It is only natural that investors would want to find some way to sit out bear markets and get back just in time for the next bull run. It is useful to keep in mind, however, that even the slowest equity markets have some bright spots. A diversified portfolio will help you protect against loss and capture whatever gains might occur in a market downturn.

Investors run a big risk by selling when they believe stocks have reached their peak. They may turn a profit when cashing in their equity holdings, but they could also miss out on some of the market’s best cycles. Being absent from the market for only a few of the days or weeks with the highest percentage gains can decimate a portfolio’s returns over time. Market timers who sell frequently also lose money to transaction costs and taxes, and miss out to a large extent on the compounding effect that benefits investors who remain in the market consistently. Instead of trying to time the market, investing in a properly allocated diversified portfolio driven by a goals-based financial plan is a much better strategy.

Trying to pinpoint the right time to invest in the stock market is an exercise in futility. If you have a longer period to save, owning equities provides the most effective hedge against inflation and taxation available. Since it is impossible to know where the market might go from here, it makes sense to start investing now and continue investing on a regular basis, regardless of market conditions. Remember: long-term investment success is achieved not by timing the market, but by time in the market.

My mission is to help 80 households be more generous over their lifetime. And that’s it. 

What’s a household? Partly it’s a way for me to measure how many people I’m helping. So it’s a family, a unit, it could be a husband and wife and their kids. Or, it could be an individual whose committed to the process of working together to make wise financial decisions. 

Why just 80 clients? There’s not a lot of science that goes into it for me. It’s a feel but also an understanding of my capacity. I want to give my full attention to my clients when they need it. I know I can do that with 80. So I’m capping it there. At least, that’s my conviction now.

I also believe there will be enough of a ripple effect with 80 committed clients working together for the next 5, 10, 15, 20+ years, that I’ll have plenty of reasons to feel like I made enough of a difference in enough people’s lives. Plus, it takes a long time to work one-on-one with clients to get clear on their goals, values, and action items. Then, there’s course corrections that happen as life happens. To do quality work, at some point you have to limit the quantity of work. Unless of course you’re building a corporate empire to scale, which I am not.


Why the focus on generosity? Of course there’s more that goes into a financial plan than being generous, but for me, that’s where all roads have to end up if I’m doing my job properly.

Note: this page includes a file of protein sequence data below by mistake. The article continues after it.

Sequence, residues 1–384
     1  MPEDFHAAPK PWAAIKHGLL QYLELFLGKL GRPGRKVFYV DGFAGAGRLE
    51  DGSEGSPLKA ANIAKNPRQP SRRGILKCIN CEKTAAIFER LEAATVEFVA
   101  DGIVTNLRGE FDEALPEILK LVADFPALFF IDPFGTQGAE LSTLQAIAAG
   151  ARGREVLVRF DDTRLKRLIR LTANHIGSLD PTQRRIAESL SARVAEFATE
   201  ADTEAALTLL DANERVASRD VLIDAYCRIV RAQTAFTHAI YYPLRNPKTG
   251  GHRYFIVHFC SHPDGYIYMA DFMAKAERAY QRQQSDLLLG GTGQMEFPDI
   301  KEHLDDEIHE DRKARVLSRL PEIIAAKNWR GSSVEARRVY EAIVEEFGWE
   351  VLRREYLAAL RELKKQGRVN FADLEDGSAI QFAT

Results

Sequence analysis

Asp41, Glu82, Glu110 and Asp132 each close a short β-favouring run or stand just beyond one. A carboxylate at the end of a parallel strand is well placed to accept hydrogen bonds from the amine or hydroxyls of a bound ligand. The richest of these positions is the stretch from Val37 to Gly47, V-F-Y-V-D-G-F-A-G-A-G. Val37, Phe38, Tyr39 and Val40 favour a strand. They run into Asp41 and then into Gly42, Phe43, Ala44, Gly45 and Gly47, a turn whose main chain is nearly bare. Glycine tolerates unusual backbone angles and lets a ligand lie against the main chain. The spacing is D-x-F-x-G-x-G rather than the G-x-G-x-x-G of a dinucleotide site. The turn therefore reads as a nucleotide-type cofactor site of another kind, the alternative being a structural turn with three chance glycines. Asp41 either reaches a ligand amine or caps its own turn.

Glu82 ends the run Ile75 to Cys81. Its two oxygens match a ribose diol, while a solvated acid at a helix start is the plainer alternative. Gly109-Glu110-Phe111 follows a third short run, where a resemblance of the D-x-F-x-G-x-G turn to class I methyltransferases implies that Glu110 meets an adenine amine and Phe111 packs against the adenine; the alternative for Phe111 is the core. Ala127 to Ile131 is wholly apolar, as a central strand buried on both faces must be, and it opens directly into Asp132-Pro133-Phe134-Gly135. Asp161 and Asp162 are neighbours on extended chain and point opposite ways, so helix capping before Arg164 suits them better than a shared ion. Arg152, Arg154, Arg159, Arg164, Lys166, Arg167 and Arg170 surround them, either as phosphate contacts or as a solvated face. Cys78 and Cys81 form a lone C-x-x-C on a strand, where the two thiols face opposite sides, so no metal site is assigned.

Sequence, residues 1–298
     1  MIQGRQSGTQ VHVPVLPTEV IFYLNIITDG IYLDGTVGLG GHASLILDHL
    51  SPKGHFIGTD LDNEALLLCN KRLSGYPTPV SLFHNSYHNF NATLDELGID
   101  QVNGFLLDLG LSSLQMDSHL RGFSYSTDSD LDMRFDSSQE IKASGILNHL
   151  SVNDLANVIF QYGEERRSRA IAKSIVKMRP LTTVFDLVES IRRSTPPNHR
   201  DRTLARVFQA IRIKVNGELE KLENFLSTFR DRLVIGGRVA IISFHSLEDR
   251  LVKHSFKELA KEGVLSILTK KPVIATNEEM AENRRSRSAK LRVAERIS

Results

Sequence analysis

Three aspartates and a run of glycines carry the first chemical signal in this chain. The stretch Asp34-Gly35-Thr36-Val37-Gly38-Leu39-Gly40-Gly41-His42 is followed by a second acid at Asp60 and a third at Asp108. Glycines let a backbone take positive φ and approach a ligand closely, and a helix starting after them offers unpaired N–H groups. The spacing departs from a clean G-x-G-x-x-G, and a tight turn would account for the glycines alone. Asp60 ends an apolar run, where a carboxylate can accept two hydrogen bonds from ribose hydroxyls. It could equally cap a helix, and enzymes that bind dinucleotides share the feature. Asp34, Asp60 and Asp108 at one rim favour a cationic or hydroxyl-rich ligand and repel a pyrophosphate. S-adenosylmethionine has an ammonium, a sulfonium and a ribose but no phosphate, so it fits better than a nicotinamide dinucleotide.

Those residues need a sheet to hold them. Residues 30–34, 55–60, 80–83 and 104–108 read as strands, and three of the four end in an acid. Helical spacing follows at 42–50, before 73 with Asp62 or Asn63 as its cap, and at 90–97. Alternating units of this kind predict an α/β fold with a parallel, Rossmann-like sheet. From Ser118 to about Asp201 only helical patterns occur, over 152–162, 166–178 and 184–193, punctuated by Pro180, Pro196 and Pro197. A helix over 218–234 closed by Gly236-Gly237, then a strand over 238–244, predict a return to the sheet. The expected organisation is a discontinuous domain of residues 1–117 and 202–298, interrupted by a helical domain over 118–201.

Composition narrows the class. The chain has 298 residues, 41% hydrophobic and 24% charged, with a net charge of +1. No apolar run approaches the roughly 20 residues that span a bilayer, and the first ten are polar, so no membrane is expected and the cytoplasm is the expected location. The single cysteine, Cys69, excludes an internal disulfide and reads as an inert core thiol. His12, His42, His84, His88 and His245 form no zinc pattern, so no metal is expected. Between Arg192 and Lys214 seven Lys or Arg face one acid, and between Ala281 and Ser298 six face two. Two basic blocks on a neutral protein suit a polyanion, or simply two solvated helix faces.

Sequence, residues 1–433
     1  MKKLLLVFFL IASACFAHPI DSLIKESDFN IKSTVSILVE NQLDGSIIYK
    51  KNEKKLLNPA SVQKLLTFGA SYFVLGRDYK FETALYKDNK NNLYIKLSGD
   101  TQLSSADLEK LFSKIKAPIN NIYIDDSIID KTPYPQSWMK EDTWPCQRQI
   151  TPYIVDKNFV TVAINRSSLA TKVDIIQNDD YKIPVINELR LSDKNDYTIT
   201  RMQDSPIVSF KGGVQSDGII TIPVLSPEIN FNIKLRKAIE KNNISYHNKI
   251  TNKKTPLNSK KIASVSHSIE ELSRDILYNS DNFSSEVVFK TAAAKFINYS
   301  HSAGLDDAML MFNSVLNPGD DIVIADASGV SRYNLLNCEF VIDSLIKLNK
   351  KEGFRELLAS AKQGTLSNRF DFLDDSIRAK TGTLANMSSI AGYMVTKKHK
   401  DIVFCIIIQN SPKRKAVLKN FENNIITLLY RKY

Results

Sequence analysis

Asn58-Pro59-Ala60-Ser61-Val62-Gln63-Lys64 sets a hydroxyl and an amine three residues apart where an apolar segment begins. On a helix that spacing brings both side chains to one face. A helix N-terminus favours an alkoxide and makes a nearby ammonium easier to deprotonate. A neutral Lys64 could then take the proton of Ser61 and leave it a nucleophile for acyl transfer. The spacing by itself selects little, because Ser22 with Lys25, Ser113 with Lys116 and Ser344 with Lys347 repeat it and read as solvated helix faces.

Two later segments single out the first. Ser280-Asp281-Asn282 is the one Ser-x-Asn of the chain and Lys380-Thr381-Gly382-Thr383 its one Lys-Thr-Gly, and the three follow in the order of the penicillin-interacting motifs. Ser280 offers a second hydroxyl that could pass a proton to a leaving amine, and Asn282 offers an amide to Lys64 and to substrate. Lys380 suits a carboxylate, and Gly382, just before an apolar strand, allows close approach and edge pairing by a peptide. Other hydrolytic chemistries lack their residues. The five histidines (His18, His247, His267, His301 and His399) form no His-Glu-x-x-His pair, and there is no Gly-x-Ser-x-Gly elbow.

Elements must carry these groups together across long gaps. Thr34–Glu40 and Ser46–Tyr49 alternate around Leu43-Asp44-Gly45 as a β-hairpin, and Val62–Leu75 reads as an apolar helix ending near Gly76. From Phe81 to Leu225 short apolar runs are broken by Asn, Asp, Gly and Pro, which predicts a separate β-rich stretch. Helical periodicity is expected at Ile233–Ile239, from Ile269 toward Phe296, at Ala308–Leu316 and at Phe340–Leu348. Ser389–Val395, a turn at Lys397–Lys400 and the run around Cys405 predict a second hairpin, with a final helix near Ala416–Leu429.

Let’s take retirement, for example. Why do people want to retire. Well, there’s an infinite number of reasons, but there are a few main reasons. For some people it’s to rest, for others it’s to get away, for some it’s to spend time with family, and yet for others it’s to do nothing but their hobbies and passions. My thing is that retirement ought to be more of a change towards something else rather than an end in and of itself. And, I think the way to get it to be a change towards something new, is to have a reason outside of just making yourself more comfortable. Comfort is important, but at some point you max out on comfort. Then what? That’s where generosity comes in. I think we’re more fulfilled when we have an aim that involves giving something to someone else without expecting payback in return. To me, there’s an endless amount of financial planning work to be done in 80 households’ lives to maximize the generosity in each one, and thus the positive impact all around the world.

 Also, I feel that almost no one has anyone in their life challenging them to be more generous, nor teaching them wise financial principles to get to the point where they feel like they have “enough” or even “extra. For the most part, no one talks about their money at all to other people, let alone their closest family or friends. And it would be far too risky to tell someone what you think they should do with their money. So, that where my calling comes in. I’m not telling people what to do with their money, rather coming along side to provide a personal financial framework for you how and what to do to get the most out of what you have. 

The #Fiduciary Rule is Dead

But Clients Should Ask Their Advisor This Simple Yes or No Question

Over the past year, investors have been receiving notifications about the U.S. Department of Labor’s fiduciary rule that would have impacted financial advisors and their clients. Simply stated, the DOL’s new “fiduciary duty” standard would have required financial professionals who receive compensation for transactions to act in their client’s “best interest.”